two dozen states with over 50 workshops/strategy sections.
Although many workshops advocated specific legislative goals, these proposals
are missing from the current 'compromise' bill, and they believe it'll
truly benefit the immigrants. For example: at the detention and deportation
workshop presented by the National Immigration Project and Detention Watch
Network, they explained how every year thousands of undocumented immigrants
are arrested and deported back to their country without due process, creating
numerous human tragedies. They advocate changing the current U.S. immigration
detention system so that all who come to our shores receive fair and humane
We also invited traditionally marginalized immigrant constituent groups
to speak. Mkawasi Mcharo, co-coordinator of the Washington Peace Center,
a Kenyan immigrant, spoke about her immigrant experience. She explained
that African immigrants (like Asian immigrants) have very different legal
needs then other immigrant communities, and the immigrant rights movement
should create different strategies to support their needs. At the Lesbian,
Gay, Bisexual and Transgender (LGBT) Caucus, facilitated by Queers for
Economic Justice, immigrant LGBT activists expressed their feeling that
the movement has traditionally neglected their needs, since they have
even less legal protection from the system and face more discrimination
from general society than the rest of the immigrant community. At the
Women's Caucus, facilitated by the National Organization of Women, they
focused on the special concerns of immigrant women who face intimidation
from international sex traffickers and U.S. border guards.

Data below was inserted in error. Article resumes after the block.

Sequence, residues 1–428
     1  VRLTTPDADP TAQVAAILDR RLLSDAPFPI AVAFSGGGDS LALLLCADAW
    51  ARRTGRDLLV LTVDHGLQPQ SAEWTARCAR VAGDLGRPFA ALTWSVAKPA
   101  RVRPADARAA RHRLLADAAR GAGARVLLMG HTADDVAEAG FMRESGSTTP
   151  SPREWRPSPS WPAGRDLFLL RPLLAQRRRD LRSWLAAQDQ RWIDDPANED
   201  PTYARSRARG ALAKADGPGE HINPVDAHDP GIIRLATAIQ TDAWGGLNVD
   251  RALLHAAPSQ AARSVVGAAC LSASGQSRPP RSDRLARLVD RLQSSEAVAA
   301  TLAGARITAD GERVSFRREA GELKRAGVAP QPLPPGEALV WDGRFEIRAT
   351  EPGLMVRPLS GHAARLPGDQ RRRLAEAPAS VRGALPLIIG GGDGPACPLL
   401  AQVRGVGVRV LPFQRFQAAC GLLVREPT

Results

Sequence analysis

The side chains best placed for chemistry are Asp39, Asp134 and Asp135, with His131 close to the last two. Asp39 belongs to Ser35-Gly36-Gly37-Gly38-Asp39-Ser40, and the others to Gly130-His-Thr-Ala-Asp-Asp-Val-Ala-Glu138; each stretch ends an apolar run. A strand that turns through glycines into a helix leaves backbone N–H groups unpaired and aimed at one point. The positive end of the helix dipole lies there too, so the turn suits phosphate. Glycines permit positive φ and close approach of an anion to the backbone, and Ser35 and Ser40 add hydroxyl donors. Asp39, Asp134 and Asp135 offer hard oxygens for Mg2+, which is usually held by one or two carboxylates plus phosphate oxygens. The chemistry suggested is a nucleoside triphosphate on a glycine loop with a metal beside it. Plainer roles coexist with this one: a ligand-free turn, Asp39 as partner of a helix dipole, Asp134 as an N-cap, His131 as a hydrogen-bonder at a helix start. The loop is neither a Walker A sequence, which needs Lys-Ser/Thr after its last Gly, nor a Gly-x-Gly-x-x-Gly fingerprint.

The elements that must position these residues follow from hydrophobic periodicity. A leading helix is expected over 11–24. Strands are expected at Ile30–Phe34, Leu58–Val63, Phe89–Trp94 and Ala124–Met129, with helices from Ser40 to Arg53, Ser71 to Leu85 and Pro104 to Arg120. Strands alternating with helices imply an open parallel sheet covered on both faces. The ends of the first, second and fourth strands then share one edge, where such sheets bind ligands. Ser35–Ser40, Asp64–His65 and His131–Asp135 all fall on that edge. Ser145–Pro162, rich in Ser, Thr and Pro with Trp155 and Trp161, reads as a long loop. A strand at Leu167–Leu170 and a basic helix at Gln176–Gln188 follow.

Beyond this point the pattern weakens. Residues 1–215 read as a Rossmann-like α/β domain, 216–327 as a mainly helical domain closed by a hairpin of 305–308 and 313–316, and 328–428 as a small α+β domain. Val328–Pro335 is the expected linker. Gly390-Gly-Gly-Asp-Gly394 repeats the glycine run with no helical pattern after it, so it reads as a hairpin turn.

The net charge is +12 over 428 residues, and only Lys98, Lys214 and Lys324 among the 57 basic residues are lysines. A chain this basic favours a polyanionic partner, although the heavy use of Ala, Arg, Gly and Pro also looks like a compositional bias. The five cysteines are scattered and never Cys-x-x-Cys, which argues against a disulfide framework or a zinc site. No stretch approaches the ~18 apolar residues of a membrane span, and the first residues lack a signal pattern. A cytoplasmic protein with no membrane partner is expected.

The conference looked for new ideas and strategies for the immigrant
rights movement. At the "Planning Camp Democracy" workshop,
camp organizer David Swanson said that the antiwar movement should reach
out to immigrants rights groups to coordinate with their activities and
join their struggles. Furthermore, several labor and community organizing
workshops discussed the effects of "free trade" and globalization
on migration. Most participants agree that globalization has created more
poverty in the Southern hemisphere, forcing more people to risk their
lives to migrate north in search of a better life; and this should be
closely linked to our future immigrant rights education campaigns. Reverend
Graylan Scott Hagler, a civil-rights era leader, spoke about the importance
of immigrant rights movement linking with the struggle of African American
community to build the black-brown unity.
One of the highlights of the conference was the report from Carolina
Reyes, a Latina organizer from the New Orleans Worker Justice Coalition.
She showed a video of the May 1 mobilization in New Orleans, which drew
thousands to demonstrate solidarity between the city's African-American
and Latin@ immigrant communities.
The conference was unanimous in its rejection of the recently passed anti-immigrant